Pioneer Institute Statement on MBTA Service Cuts

Even as MBTA ridership and revenue have been gutted by the COVID-19 pandemic, the system remains a lifeline for so many residents in the Greater Boston area, especially those working in essential services like health care or in industries most impacted by the pandemic such as the restaurant sector.  Facing a crisis of this magnitude, T leadership must first do its all to rethink how it delivers services before reflexively making cuts.

COVID-19 Silver Lining: MBTA Takes Advantage of Ridership Lull to Accelerate $8.5 Billion Modernization Program

Pioneer Institute congratulates the Fiscal and Management Control Board (FMCB) and MBTA management for taking advantage of the precipitous ridership declines due to the COVID pandemic to dramatically accelerate ongoing construction projects.

Survey Suggests Demand for Telecommuting After COVID-19 Crisis

Citing an avoidance of the commute and more flexible scheduling, nearly 63 percent of respondents to Pioneer Institute’s survey, “Will You Commute To Work When The COVID-19 Crisis Is Over?” expressed a preference to work from home one day a week, and a plurality preferred two to three days a week, even after a COVID-19 vaccine is available. Respondents cite social isolation as the biggest drawback of remote work. The survey was conducted from April 22nd to May 15th, and received responses from over 700 individuals.

Study Highlights Transit Agency Best Practices in Response to COVID-19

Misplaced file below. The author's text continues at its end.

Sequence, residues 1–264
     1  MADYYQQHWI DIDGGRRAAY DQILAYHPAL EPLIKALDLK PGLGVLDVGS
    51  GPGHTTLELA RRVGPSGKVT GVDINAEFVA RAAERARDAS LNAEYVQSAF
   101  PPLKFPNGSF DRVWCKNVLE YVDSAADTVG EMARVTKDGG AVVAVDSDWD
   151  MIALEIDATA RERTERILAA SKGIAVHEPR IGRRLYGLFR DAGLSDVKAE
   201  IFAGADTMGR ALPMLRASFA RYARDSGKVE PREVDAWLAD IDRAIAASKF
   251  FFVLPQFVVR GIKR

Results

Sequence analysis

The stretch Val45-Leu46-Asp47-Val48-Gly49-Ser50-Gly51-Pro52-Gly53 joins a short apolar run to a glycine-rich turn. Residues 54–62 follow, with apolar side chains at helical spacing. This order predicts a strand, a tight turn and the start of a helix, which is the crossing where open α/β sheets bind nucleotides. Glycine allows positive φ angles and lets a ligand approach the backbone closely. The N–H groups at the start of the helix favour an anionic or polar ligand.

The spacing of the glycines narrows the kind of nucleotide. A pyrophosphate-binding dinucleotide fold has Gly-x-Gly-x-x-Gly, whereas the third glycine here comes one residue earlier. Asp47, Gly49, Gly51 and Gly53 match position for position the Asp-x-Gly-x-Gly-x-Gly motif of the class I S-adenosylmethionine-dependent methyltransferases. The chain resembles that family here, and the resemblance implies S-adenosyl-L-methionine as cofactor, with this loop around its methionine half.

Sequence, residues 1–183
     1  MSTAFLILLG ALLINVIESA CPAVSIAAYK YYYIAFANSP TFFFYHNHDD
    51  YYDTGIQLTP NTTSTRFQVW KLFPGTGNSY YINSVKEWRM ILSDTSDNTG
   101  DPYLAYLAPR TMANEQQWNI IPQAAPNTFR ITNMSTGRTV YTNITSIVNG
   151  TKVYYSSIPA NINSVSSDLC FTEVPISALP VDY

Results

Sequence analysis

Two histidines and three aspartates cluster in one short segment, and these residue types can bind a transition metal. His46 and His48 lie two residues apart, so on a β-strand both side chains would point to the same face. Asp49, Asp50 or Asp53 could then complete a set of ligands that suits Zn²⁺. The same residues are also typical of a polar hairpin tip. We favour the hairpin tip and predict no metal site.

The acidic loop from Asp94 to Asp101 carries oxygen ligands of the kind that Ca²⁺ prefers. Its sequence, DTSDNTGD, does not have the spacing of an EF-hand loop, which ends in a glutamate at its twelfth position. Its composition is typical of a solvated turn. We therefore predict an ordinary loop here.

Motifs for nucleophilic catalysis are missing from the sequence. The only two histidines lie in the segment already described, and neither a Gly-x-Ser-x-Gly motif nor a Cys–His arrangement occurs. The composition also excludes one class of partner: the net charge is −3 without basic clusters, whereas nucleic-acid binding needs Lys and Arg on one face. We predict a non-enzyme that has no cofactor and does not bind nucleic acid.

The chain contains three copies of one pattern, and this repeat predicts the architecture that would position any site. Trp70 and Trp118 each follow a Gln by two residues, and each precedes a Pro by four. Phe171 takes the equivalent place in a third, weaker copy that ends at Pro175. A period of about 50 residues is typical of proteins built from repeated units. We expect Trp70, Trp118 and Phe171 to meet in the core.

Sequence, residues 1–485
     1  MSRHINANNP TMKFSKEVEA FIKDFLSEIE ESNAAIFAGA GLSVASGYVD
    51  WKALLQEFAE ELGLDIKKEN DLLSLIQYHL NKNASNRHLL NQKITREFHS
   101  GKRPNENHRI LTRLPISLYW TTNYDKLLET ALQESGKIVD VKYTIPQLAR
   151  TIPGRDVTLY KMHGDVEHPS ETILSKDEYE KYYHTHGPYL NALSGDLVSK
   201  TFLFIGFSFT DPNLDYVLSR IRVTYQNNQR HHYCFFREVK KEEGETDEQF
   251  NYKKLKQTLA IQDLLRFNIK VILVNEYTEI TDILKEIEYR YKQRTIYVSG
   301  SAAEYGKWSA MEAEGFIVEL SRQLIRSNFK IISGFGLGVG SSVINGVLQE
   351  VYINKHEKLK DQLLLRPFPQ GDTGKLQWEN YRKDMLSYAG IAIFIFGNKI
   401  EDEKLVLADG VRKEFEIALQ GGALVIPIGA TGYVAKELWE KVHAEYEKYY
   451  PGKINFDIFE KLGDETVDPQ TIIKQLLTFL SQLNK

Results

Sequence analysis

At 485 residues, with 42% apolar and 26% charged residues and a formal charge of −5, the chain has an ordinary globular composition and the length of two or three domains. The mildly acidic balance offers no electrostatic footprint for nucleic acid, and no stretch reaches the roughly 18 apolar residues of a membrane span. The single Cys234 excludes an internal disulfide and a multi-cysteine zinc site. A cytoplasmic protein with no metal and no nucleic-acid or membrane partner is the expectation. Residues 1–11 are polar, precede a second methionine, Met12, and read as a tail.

The MBTA is taking a number of important steps to mitigate risks associated with the coronavirus, but some transit agencies around the country - from Philadelphia to San Francisco - have done significantly more, according to a new study that highlights the best practices of U.S. transit systems in response to COVID-19.

A Control Board Equipped for the Next Phase of MBTA Reform

In a new policy brief out today, Pioneer Institute calls on the Massachusetts Legislature to extend the life of the MBTA’s Fiscal and Management Control Board beyond the current fiscal year ending on June 30, and adjust it to address the agency's new challenges.

Pioneer Urges MassDOT to Reconsider At-Grade Throat Option for I-90 Allston Multimodal Project

Pioneer's new Public Comment calls on the Massachusetts Department of Transportation to revise its Scoping Report on the I-90 Allston Multimodal Project and recommend an additional option to the Federal Highway Administration.

Study Finds Revived Merit Rating Board Taking Steps to Carry Out Statutorily Mandated Duties

The Merit Rating Board’s recent adoption of a regular meeting schedule, and related resolutions, are important steps in light of that Board’s 1976 governing statute.

Pioneer Institute Announces Winner of 29th Annual Better Government Competition

Pioneer Institute is pleased to announce that Los Angeles Country Metropolitan Transportation Authority (LA Metro)’s program, “Operation Farm Team: Global Transportation Infrastructure Workforce Initiative” is the winner of the 29th annual Better Government Competition. The theme of the 2019 contest was, “Moving People, Moving Goods, Moving Forward,” focusing on innovations that prepare America for the future of transportation.

Study Calls for Easing MBTA Procurement Restrictions and Beefing Up Project Management Capacity

Reforms needed if T is to achieve increased capital spending…

Pioneer Institute Public Statement: A Season for Management Reforms

The MBTA's red and green line derailments this week highlight…

Whistleblowers Were Proven Right: MBTARF Was Underreporting Its Unfunded Pension Liabilities

In a new brief, Pioneer shows that whistleblowers’ 2015 claim…